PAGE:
On June 1, Danish voters will take part in a referendum on whether to end the country’s EU defense policy opt-out, which prohibits Denmark from participating in EU defense matters. . This means that when the EU deploys personnel under its Common Security and Defense Policy, Denmark participates in civilian but not military operations.
It was one of four agreements reached when Danes voted ‘no’ to the 1992 Maastricht Treaty to establish the EU. Along with defense policy, Denmark has withdrawn from the euro, justice and home affairs. The European Council also endorsed a Danish statement that EU citizenship can only complement national citizenship, not replace it. These four arrangements for Denmark persuaded voters to support the Maastricht Treaty in a second referendum in 1993.
The citizenship regime then became the norm for all Member States through the Amsterdam Treaty of 1997, which ratified that EU citizenship is complementary to citizenship of a Member State and cannot replace it. .
The decision to hold a vote on the defense opt-out reveals a deeper shift in EU constitutional politics. Faced with contentious issues, governments are increasingly turning to single-issue referenda.
Russia’s invasion of Ukraine in February 2022 changed the security situation in Europe in the blink of an eye. Finland and Sweden previously opted to stay out of NATO, but have now submitted requests. Denmark, a founding member of NATO, is now forced to rethink its foreign policy, including its independent relationship with the EU.
Faced with a war on its eastern border and the arrival of more than four million Ukrainian refugees, the EU has agreed to supply lethal weapons to Ukraine – the first time it has done so for a country . EU member states have also agreed to commit up to 5,000 troops to a new rapid reaction force and take part in live exercises on land and at sea. This is part of a new strategy to of the EU a stronger military player.
Denmark cannot participate in such efforts, potentially making it more vulnerable to external threats than most EU member states. The EU’s mutual defense clause guarantees aid and assistance from other member states in the event of aggression. It remains unclear to what extent Denmark can invoke or benefit from this provision, given its special status.
A coalition of four Danish political parties proposed the referendum in March, calling on Danes to overturn the opt-out. If the Danish people vote to remove the opt-out, Denmark will be able to participate fully in EU military operations and cooperate in the growth of EU military capabilities, while increasing its own military budget. If the people vote no, Denmark will remain outside EU defense policy, which will continue to develop without it.
In the past, national governments mainly looked to national parliaments to approve changes in their country’s relationship with the EU. But persistent problems of public trust in governments and parliaments make it difficult for these institutions alone to give consent to EU policies and European integration issues.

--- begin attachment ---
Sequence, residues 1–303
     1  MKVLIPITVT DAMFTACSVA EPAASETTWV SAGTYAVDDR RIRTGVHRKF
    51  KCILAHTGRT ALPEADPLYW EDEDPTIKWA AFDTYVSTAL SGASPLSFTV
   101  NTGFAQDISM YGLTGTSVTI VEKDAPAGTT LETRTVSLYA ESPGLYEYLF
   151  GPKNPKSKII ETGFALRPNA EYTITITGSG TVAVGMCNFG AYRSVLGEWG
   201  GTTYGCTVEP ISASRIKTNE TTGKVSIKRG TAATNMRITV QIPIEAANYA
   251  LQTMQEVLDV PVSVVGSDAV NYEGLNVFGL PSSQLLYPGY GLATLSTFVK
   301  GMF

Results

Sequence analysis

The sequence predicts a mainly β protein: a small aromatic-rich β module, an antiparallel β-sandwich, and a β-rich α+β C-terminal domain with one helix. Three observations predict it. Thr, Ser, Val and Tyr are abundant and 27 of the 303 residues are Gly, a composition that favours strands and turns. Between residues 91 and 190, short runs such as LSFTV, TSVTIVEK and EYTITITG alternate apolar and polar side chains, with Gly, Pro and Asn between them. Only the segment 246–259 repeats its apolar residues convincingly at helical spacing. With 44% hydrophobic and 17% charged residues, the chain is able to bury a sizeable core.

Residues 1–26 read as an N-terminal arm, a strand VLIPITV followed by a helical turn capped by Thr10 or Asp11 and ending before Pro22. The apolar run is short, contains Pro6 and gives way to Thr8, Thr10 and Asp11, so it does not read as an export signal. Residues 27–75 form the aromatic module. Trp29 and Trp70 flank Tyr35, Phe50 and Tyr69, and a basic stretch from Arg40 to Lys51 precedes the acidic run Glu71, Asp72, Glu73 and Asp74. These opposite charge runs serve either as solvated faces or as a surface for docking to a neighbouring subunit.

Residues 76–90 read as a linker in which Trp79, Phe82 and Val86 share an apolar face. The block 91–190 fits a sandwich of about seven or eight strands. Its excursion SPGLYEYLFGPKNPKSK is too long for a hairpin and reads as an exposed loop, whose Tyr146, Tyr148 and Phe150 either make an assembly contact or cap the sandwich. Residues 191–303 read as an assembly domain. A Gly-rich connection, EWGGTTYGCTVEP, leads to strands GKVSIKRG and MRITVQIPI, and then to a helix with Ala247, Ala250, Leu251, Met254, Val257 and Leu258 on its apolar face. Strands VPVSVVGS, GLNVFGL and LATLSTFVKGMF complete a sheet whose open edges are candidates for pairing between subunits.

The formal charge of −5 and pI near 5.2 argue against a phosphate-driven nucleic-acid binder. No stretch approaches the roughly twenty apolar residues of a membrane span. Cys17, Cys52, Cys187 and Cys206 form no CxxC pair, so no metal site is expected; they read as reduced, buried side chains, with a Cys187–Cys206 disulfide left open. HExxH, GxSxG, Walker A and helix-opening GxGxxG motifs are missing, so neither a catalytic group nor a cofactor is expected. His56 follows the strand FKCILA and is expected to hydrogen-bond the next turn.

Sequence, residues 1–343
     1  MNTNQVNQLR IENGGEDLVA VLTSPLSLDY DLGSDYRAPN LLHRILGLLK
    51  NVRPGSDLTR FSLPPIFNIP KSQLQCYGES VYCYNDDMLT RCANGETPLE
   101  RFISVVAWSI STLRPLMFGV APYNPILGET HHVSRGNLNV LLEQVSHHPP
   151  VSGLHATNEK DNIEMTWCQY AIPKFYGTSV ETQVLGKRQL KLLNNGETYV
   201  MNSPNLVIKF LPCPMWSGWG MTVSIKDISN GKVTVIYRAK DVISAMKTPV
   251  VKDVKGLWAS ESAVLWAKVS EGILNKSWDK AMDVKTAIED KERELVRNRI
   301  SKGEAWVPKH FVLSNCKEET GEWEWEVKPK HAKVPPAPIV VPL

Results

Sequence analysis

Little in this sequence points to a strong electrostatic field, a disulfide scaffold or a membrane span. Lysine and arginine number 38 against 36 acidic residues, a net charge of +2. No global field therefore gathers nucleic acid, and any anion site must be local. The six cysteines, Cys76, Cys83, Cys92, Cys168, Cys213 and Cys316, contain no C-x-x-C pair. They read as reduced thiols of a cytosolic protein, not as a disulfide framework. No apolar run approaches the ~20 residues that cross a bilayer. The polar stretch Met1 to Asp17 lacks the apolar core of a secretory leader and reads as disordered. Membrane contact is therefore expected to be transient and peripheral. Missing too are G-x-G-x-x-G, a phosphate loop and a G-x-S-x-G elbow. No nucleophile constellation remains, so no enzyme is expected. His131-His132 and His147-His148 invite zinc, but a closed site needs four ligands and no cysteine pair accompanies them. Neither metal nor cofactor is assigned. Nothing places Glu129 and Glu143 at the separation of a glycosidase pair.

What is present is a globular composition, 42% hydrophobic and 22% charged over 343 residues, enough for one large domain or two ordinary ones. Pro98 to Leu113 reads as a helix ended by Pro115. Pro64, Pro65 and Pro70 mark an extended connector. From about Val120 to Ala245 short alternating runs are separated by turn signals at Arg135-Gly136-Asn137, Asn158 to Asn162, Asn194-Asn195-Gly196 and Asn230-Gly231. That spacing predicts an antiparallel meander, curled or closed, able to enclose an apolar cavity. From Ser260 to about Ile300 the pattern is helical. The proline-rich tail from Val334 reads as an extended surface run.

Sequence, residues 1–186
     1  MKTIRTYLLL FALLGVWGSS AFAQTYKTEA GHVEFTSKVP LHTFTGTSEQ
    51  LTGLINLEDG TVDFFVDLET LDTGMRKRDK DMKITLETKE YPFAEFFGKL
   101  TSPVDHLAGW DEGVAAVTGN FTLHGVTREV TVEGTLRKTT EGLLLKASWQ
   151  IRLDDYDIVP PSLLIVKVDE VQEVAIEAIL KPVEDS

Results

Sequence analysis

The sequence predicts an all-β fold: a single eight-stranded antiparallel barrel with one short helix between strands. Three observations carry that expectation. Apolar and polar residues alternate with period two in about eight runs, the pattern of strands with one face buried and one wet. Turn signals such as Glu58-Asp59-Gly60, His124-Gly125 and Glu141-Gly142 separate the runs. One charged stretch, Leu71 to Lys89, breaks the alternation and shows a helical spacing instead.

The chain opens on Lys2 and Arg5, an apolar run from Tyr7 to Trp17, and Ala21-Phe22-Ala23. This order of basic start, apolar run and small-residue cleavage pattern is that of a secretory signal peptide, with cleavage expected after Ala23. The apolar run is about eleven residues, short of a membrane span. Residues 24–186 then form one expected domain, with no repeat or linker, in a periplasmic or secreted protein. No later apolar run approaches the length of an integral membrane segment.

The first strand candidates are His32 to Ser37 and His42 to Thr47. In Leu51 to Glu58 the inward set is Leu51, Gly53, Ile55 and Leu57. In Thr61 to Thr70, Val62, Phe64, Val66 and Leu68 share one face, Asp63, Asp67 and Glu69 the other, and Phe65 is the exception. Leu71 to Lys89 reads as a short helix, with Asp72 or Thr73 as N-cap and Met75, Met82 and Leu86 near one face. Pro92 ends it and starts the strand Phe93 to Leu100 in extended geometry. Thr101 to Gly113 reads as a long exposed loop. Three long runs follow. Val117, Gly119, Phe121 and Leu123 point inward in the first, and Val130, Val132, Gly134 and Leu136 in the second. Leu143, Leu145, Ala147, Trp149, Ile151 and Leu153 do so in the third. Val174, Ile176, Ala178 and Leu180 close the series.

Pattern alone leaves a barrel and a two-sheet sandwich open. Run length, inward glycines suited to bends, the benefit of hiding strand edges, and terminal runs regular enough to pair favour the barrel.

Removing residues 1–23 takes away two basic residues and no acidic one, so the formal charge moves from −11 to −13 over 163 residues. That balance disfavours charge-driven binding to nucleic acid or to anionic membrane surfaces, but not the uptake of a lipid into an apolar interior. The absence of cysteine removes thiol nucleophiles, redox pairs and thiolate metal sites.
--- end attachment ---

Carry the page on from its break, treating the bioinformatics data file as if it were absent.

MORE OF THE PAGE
Since 1972, nearly 50 referendums have been held on EU issues, the most common being a treaty review or a decision to join the EU. Our research shows the growing importance of single-issue referenda focusing on specific policies or issues concerning European integration. Member States are rarely obliged to hold referenda on a single issue. They choose to do so when the way they usually engage with the EU is under strain. Examples include the 2015 Greek referendum on negotiations with the EU and the International Monetary Fund, the 2016 Hungarian referendum on refugee relocation and the 2016 UK vote to leave the EU.
After Denmark secured its four waivers to elements of the Maastricht Treaty, the political consensus was that a referendum would be needed to commit to any of these areas. This was not a legal requirement but a political requirement – and it established single-issue referendums as an integral part of how Denmark participates in the EU.
So far, two opt-in referendums have taken place in Denmark, but have not resulted in any changes. In 2000, voters rejected joining the euro despite broad support from political parties and trade union leaders.
In 2015, a referendum on ending the country’s Justice and Home Affairs opt-out from the EU also ended in defeat.
Vote against the government
Denmark is not an isolated case. Of the six single-issue European referendums called by governments since 2000, four have gone against government preferences. And the controversial referendum on relocating refugees to Hungary resulted in the ‘no’ vote the government wanted, but failed to secure the required turnout. The Greek government won a ‘no’ vote against the terms of financial assistance from its international creditors, but that made little practical difference in the negotiations.
This makes Denmark’s upcoming referendum politically charged, with polls giving the ‘yes’ an unconvincing lead, given the large proportion of undecided voters. The fact that four political parties have proposed the referendum means that it will not simply be a vote on the popularity of the government. It will also be on the sole question of whether voters think the security situation has changed enough to allow “more EU” in Denmark.
The Danish government has already promised that if the EU seeks to establish a supranational army, there will be yet another referendum to decide whether Denmark will participate. Whatever the outcome, single-issue referendums will remain a feature of EU constitutional politics.